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Oncology Nursing

Oncology Nursing
Photo: Oncology Nursing
Oncology nurses provide and supervise the care of patients with cancer. Oncology nurses monitor the patient’s condition, administer medication, and develop care plans and develop symptom management protocols. Oncology nurses witness much suffering but this stress is offset by the long-term relationships they often develop with patients and their families.

The responsibilities of oncology nurses extend beyond direct patient care to include consultant, patient educator, researcher, and management. They collaborate closely with physicians and other members of the healthcare team to ensure the highest quality of care to patients.

The duties and responsibilities of oncology nursing professionals include the following:
Develop individualized care plans for patients under their care.
Collaborate with a multidisciplinary health care team to share knowledge and expertise.
Identify and treat cancer-related health issues.
Perform cancer research to improve treatment protocols provided to cancer patients.
Provide supportive resources for patients and their families to foster positive outlook and morale.
Educate patients and their families with regard to treatment expectations.
Monitor and record the progress of patients on an ongoing basis.
Document patient’s response to medication and all treatment.

Oncology nurses provide a broad range of services from direct care and cancer prevention through rehabilitative, palliative, and supportive services. Some oncology nurses specialize in working with children and are referred to as paediatric oncology nurses.

Work Environment

Oncology nurses most often work in clean and sterile hospital environments, although some may work in community-based clinics. Full time oncology nurses typically work a 40 hour week but needs to be available 24 hours a day, 7 days per week for emergencies. Since many medical facilities throughout Australia are understaffed due to the global nursing shortage, overtime has become standard practice with double shifts a frequent occurrence. Oncology nurses must also adhere to strict confidentiality policies due to the delicate health condition of cancer patients.

Qualifications

The oncology nurse must possess knowledge in each of the following areas:

Anatomy and physiology
Oncology nursing practice
Pharmacology
Nutrition
Psychosocial aspects of cancer for patients and their families.
Principles of radiation chemotherapy and possible complications of treatment.

Education and Training Requirements

Oncology nurses usually hold an active registered nurse (RN) license. To become a Registered (Division 1) Nurse it is necessary to complete a three year Bachelor of Nursing degree that is available at most Australian universities. Upon graduation students are eligible to register with the Nursing and Midwifery Board of Australia (NMBA). A  list of universities offering nursing coursework is provided by the Australian Government Department of Education, Employment and Workplace Relations.  Graduates then participate in a period of poste registration graduate support in a hospital for a year and then move into professional practice.

Clinical work plays a major part of most bachelor’s programs and occurs in a variety of healthcare settings. Students will further develop their skills by participating in nursing laboratories Nearly 50 percent of the nursing program will be devoted to clinical and laboratory practice in such settings as large general hospitals, smaller community0based hospitals, cancer-based clinics, and rehabilitation centres.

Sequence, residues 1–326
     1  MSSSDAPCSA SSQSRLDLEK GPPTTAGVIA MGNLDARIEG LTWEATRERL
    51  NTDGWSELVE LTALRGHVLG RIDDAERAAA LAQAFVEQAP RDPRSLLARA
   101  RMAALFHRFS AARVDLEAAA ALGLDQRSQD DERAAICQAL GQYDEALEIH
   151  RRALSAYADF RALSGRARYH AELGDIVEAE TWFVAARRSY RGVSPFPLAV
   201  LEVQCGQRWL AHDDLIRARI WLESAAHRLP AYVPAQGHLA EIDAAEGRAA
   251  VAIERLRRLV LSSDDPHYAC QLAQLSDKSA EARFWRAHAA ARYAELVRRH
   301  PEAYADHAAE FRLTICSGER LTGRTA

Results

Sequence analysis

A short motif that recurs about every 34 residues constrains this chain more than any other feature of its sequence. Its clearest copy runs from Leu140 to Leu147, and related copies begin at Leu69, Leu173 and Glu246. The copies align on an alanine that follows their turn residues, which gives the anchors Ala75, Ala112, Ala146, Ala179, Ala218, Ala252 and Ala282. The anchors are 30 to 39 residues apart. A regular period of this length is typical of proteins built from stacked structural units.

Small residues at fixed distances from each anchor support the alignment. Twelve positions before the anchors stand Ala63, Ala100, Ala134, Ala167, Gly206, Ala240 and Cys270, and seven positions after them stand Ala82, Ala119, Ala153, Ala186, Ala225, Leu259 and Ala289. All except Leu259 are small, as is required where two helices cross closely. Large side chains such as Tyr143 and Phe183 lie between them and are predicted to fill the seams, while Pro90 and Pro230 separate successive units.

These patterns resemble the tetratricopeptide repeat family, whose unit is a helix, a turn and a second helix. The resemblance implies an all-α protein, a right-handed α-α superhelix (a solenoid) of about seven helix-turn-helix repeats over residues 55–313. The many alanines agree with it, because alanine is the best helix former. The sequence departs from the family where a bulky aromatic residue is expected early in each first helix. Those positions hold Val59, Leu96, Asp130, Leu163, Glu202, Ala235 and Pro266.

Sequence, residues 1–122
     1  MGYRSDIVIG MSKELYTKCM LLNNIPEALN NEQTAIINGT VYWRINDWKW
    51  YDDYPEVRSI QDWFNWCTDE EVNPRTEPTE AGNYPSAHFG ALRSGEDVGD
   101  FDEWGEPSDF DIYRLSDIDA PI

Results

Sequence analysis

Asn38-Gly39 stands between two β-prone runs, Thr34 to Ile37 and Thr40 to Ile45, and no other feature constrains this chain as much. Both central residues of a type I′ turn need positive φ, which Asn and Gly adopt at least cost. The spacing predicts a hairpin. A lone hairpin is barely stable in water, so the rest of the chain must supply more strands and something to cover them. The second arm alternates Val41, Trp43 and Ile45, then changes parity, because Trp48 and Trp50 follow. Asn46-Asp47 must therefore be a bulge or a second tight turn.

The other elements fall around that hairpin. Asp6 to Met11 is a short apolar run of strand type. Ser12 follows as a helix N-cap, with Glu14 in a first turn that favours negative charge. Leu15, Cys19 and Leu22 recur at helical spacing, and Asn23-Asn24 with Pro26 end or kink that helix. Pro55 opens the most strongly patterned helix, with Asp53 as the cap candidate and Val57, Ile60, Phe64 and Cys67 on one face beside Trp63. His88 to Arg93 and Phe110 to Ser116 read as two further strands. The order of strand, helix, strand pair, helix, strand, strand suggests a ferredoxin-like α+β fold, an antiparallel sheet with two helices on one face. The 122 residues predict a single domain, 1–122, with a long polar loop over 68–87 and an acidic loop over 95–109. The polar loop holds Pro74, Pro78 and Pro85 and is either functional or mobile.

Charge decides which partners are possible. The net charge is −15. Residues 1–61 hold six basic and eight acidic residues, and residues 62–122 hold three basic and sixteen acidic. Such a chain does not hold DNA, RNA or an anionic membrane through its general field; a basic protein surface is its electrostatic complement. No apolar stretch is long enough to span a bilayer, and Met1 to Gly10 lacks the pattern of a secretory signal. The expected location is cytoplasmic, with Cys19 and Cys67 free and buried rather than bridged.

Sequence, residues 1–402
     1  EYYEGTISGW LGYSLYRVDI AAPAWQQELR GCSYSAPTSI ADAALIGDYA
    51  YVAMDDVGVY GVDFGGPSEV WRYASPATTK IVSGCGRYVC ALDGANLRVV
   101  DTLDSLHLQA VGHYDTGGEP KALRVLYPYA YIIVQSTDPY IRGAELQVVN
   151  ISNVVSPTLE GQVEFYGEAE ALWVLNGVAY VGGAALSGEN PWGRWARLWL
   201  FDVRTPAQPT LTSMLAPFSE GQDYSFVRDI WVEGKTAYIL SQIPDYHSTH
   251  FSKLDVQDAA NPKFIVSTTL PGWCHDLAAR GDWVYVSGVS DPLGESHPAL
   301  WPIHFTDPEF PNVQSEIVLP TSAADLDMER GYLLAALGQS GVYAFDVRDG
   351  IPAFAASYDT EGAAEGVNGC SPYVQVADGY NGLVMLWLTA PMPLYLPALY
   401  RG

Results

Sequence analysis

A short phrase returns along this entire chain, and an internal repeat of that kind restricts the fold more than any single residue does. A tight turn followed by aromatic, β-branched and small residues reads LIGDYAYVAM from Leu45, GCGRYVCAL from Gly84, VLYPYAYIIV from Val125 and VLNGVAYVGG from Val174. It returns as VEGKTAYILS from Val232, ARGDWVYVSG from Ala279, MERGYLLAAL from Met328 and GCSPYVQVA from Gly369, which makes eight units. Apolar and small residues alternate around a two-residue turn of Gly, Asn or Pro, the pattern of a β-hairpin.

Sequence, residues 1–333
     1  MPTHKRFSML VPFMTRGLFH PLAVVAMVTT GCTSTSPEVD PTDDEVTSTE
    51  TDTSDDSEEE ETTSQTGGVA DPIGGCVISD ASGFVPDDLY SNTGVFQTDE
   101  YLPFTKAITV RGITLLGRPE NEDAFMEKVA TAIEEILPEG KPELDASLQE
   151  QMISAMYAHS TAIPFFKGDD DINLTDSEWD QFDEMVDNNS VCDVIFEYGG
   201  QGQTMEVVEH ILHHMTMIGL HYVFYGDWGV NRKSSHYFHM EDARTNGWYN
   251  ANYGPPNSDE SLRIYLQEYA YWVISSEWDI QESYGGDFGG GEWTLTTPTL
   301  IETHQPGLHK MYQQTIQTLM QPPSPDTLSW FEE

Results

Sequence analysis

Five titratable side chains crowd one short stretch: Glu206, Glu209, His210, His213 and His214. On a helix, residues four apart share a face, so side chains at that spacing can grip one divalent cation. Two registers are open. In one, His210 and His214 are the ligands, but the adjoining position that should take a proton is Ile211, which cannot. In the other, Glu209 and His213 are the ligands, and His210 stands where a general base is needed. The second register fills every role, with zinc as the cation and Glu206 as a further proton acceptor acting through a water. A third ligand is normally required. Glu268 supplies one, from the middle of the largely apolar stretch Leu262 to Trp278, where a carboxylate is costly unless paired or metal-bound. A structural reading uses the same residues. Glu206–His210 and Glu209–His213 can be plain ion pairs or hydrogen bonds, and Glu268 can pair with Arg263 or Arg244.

Bachelor’s programs offer practical experience combined with theoretical study and the development of comprehensive clinical and patient-relationship skills to enable graduates to work as competent nursing professionals. Study will foster independent and critical thinking skills and enhance student’s awareness of preventative health measures.

Before enrolling in any program, make sure that is accredited by the Nursing and Midwifery Board of Australia (NMBA),

Following completion of a bachelor’s degree, those who wish to become an oncology nurse will need to enrol in advanced study to obtain a Graduate Diploma in Nursing Science (Oncology). This program is designed to prepare the registered nurse to work with cancer patients and their families. The program will provide advanced theoretical knowledge and skills in oncology nursing.  The goal of most graduate diploma programs is to:

Enhance the student’s knowledge of cancer disease progression.
Develop knowledge of cancer treatments and outcomes.
Improve the student’s clinical skills in an area where technology is continuously being updated.


Graduation from the diploma program will foster safe and competent practice and build on knowledge already gained through prior work in the field. Programs will include student research of cancer nursing to better understand not only the medical, but socio-psycho aspects of care as well on behalf of patients, their families, and communities.

Oncology Nurse Earnings

The earnings and working conditions of nurses in Australia are determined by various awards and agreements.  The article What do Nurses Earn which provides a guideline of annual nurse wages across Australia and at different career levels.

Job Outlook

There is a severe nursing shortage throughout Australia across all areas of nursing. This arises from the aging of the nursing workforce, nurse recidivism, and the smaller number of nurses entering the profession. This combined with the aging of the population and the increased incidence of cancer in older adults means that the field of oncology nursing is expected to grow faster than the average for all occupation through the year 2020.

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